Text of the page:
Believe it or not, your financial planner’s track record isn’t as important as their financial philosophy. This is because your financial planner’s main job is to help you gain a sense of control over your financial future, not pick the next hot stocks.
There are no quick tricks –financial planning is a process that takes time, especially if you just received an inheritance.
Marguerita Cheng, CFP® and CEO of Blue Ocean Global Wealth, describes what it takes to be a successful financial planner… and a good financial planning client. She stresses the importance of sharing information with your financial professionals, and why it’s necessary to fully understand your current situation before you create a plan. She explores why people tend to shy away from financial planning and how she encourages clients to change their thinking to be more positive. Listen to learn the questions investors should ask a new advisor.
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Read the Transcript
Interview with Marguerita Cheng
Marguerita Cheng is a CFP® who enjoys teaching people about money. She talks about what you should do when you get an inheritance and why is planning important.
Douglas Goldstein: I am very excited to have on The Goldstein on Gelt Show, Marguerita Cheng. She’s the CEO at Blue Ocean Global Wealth.
She’s also very involved in the CFP board; the Certified Financial Planner board. Like me, Rita is a Certified Financial Planner, and she has spent a lot of time trying to teach people about the importance of financial planning.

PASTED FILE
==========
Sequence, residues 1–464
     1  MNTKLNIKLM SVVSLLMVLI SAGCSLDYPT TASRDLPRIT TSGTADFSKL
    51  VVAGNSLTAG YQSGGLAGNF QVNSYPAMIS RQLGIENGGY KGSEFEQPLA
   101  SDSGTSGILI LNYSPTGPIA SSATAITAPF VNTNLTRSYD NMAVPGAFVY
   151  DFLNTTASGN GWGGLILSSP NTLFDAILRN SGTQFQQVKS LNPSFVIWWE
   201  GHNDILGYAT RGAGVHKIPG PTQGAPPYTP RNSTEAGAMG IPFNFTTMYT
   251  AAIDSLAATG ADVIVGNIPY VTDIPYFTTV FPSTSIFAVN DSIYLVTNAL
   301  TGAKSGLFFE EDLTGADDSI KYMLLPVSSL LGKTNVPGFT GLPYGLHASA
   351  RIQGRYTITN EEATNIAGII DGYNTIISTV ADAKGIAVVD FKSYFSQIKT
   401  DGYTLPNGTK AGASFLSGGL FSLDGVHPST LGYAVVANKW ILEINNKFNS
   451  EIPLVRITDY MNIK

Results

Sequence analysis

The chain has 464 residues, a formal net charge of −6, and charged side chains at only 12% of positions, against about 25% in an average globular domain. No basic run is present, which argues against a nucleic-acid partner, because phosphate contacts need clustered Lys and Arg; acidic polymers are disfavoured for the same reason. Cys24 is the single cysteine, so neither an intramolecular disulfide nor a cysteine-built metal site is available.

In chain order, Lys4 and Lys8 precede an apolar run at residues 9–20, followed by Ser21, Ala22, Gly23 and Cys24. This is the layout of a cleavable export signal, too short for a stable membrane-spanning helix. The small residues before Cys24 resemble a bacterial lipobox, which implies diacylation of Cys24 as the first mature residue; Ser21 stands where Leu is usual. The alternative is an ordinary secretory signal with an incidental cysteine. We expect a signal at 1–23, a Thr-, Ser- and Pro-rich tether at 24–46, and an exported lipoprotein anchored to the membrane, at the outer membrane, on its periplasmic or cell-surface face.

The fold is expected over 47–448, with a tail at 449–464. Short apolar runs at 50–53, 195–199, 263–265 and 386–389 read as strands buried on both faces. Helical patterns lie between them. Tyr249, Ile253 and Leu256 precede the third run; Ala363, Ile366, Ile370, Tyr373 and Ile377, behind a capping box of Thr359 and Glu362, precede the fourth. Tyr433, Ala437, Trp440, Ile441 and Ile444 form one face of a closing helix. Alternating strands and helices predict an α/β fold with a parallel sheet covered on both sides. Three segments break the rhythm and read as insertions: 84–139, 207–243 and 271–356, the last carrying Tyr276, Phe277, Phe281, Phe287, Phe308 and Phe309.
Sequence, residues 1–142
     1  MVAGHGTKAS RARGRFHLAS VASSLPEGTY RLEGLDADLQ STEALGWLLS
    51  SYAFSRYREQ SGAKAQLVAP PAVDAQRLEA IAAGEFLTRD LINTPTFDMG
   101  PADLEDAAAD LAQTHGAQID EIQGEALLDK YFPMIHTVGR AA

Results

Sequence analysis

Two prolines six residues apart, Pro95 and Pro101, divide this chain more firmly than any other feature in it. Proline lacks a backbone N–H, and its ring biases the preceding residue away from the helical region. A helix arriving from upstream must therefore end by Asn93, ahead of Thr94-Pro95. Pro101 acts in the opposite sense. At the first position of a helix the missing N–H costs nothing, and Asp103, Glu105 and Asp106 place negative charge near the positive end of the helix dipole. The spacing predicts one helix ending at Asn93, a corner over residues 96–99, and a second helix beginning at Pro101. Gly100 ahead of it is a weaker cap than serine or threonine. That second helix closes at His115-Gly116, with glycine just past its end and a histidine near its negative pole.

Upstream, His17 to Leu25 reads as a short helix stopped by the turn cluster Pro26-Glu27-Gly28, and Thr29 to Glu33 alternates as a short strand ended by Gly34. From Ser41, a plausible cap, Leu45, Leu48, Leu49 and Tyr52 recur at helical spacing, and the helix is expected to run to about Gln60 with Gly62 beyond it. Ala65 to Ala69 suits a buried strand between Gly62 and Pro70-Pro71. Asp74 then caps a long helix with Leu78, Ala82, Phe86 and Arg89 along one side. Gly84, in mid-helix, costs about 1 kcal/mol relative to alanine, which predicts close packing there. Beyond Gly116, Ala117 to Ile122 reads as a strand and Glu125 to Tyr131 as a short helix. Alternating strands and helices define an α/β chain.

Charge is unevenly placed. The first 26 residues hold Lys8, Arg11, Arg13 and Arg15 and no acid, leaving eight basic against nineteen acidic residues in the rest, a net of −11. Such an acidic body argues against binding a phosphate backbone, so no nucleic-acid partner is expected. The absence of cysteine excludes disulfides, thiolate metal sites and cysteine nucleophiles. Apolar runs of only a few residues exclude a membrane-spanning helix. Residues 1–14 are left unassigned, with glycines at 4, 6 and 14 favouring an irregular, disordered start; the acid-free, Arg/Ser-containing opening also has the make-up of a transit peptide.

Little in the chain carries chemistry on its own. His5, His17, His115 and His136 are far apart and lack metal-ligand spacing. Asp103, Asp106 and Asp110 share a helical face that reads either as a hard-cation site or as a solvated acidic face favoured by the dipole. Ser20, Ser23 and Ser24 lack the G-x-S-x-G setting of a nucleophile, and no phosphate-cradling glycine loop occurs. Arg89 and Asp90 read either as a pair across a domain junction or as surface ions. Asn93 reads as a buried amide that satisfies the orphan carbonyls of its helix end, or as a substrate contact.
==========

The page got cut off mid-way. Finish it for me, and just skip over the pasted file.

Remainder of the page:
I want to bring that together with something that comes up a lot, which is the question of what to do when you get an inheritance.
When a lot of people get an inheritance, the first thing they think about is, “How am I going to invest this money?” I think there’s something else they should be thinking of first, which is how they should plan to deal with the money. How do you talk to people about handling an inheritance?
Marguerita Cheng: The first thing that we talk about is that you definitely want to have a plan, and here’s what I mean by that. I always tell everyone that they need to have the time and space to be able to make a decision.
We don’t know where and how you should invest, and so we take a look at your current investments, as well as what your goals are.
Douglas Goldstein: Time, I understand. What do you mean by space?
Marguerita Cheng: We need to make sure that our clients and prospects, and our prospects and clients, have the right time and mind-set to be able to plan and think about what to do.